The small-dollar lending industry is highly regulated at the state level in all states that allow small-dollar loans. Regulations have been carefully studied and enacted at the state level where they have largely been able to strike a successful balance between access to credit and consumer protection, while also considering local or regional concerns. State-level regulators understand their residents best and are therefore most capable of addressing the financial needs of customers in these states. One-size-fits-all federal regulations sometimes overlook the nuances of communities that local and state officials are better able to gauge due to their closer and stronger relationships.
February 23, 2020 | CFSA Commentary
By D. Lynn DeVault
When developing policy, it’s common sense to listen to those who stand to be the most impacted. Yet attempts to enact a 36 percent annual interest rate cap on short-term, small-dollar loans are being guided by outside interest groups with little regard for the consequences or the financial realities of many Americans. ...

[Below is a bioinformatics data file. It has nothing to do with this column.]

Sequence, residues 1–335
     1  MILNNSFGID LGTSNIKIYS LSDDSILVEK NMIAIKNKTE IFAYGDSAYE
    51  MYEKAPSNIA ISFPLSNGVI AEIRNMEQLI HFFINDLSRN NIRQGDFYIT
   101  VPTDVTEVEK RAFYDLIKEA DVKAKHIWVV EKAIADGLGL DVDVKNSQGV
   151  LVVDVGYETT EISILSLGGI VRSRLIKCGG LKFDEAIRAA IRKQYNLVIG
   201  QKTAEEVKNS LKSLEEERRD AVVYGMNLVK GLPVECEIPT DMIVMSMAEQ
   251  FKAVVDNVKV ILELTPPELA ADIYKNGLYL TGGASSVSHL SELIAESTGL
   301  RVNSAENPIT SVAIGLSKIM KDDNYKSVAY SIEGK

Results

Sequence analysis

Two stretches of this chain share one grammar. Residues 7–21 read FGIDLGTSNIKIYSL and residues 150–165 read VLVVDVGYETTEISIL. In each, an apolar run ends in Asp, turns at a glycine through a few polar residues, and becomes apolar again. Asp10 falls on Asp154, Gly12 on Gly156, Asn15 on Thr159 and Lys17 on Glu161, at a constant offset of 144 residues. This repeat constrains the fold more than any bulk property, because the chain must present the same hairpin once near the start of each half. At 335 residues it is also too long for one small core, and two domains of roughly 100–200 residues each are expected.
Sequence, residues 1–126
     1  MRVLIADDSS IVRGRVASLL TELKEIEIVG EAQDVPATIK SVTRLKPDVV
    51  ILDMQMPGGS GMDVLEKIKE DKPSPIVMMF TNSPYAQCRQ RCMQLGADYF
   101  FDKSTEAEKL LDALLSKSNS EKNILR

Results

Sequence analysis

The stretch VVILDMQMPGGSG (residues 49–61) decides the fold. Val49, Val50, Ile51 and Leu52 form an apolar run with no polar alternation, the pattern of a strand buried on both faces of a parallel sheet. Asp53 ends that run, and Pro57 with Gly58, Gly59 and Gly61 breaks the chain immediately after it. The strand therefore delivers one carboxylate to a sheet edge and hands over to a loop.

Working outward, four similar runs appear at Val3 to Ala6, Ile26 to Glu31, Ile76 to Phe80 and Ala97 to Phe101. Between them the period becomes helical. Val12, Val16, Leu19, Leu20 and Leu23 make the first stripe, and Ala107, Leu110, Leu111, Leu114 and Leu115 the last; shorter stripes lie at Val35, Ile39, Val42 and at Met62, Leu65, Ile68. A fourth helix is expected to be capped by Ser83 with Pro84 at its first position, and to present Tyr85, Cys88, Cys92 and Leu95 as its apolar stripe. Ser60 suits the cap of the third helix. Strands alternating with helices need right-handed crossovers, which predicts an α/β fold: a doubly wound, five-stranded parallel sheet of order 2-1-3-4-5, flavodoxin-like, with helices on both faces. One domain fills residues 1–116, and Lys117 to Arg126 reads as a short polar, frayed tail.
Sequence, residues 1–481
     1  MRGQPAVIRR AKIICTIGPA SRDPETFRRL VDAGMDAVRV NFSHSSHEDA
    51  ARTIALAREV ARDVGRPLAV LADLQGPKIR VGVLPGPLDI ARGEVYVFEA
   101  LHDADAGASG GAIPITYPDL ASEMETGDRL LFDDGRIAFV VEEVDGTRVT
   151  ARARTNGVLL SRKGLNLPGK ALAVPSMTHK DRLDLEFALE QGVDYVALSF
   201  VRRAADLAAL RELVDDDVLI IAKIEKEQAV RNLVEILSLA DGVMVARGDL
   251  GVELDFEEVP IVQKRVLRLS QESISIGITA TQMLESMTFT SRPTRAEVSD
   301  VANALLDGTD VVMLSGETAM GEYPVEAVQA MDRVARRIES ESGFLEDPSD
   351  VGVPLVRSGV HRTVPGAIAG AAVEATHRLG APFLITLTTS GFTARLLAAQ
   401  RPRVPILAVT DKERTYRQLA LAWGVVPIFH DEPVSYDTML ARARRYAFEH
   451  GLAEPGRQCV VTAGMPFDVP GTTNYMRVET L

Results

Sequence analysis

January 11, 2020 | CFSA Commentary
In 2020, the CFPB and Congress should work to protect access to licensed and regulated lenders and focus on tackling the very real problem of unlicensed, unregulated, illegal or otherwise unscrupulous lenders trying to take advantage of Utahns....
July 10, 2018 | Access to Credit
Best Practices Broaden Scope Covering All Small-Dollar Loans, Further Enhance Consumer Protections and Address Evolving Credit Needs of American Consumers ...
April 12, 2018 | CFSA Commentary
Acting Director Mick Mulvaney is right to move to reform the bureau and separate it entirely from partisan politics. Only then can it become the independent agency Congress envisioned....
May 30, 2017 | Consumer Credit Wire
In a recent ReasonTV video interview, University of Pennsylvania professor Lisa Servon told the story of her experiences working in several positions at nonbank financial services firms, including at a small-dollar lender, to explore the reality of living paycheck to paycheck – a reality that over 75 percent of Americans face. ...